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How to burn at home safely as winter approaches

open fire in a home hearth

As the colder nights draw in, residents who burn wood or other solid fuels at home are being reminded of ways to do this safely and legally.

Bath & North East Somerset Council is highlighting that burning at home can emit dangerous pollution both inside and outside, known as fine particulate matter (PM2.5).

Fine particulate matter is known to cause serious illnesses, such as asthma, lung cancer, COPD and stroke.

Burning wood also emits more carbon dioxide than oil or gas.

The council is advising residents to check that they are using approved stoves, appliances and fuel to help reduce air pollution inside and outside.

The City of Bath is a designated Smoke Control Area, which means it’s illegal to burn smoky fuels such as wood and coal in an open fireplace or in a non-approved wood burning or multi-fuel stove.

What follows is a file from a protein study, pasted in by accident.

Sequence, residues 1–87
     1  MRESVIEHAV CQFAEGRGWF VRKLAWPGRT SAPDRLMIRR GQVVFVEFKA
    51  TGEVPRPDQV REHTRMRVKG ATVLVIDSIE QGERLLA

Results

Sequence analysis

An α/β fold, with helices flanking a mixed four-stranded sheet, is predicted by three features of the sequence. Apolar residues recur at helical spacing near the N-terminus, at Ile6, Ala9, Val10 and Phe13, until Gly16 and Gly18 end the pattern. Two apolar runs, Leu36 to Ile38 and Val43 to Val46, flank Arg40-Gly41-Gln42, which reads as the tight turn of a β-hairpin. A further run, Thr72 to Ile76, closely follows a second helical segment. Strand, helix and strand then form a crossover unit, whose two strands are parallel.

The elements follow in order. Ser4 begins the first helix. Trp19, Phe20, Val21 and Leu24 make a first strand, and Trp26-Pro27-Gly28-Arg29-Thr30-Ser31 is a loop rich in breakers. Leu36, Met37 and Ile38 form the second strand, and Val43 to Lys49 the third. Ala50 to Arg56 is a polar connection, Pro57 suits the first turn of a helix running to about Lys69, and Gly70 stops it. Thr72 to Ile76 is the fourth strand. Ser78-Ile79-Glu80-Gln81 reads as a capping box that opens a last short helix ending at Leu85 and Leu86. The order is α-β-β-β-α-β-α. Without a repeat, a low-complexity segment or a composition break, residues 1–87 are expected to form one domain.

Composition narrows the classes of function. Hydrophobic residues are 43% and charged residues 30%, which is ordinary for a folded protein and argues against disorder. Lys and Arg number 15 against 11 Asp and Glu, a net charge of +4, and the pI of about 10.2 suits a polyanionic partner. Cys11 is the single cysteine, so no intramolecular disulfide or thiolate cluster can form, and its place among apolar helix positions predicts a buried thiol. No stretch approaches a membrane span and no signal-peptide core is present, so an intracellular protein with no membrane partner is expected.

Unless people are using an exempt appliance, they can only burn fuel on the list of authorised fuels from DEFRA, such as anthracite or low volatile steam coal.

A list of exempt appliances from DEFRA can be found here. Only the type of fuel stated by the manufacturer can be used.

Under the Clean Air Act, anyone within the Smoke Control Area not complying with the law could be fined up to £1,000.

Information on financial assistance that may be available to make energy efficiency improvements to your home can be found at

Councillor Manda Rigby, cabinet member for Transport, said: “As winter draws in and during this cost of living crisis, more people than ever are considering how to heat their homes in the cheapest way they can. However, if done incorrectly, home burning can pose a danger to our health and that of others living nearby.

“If you live inside the Smoke Control Area, please check that you’re using the correct wood burning appliance and the correct fuel inside and outside your home. There’s no proven safe level of PM2.5, so the more we can do to reduce emissions, the less impact we will have on air quality and ultimately our health.

“If you live outside the Smoke Control Area, there are currently no restrictions to what you can burn, but we strongly recommend that you follow the same advice.”

More advice on indoor fires and wood burning can be found on the council’s website here


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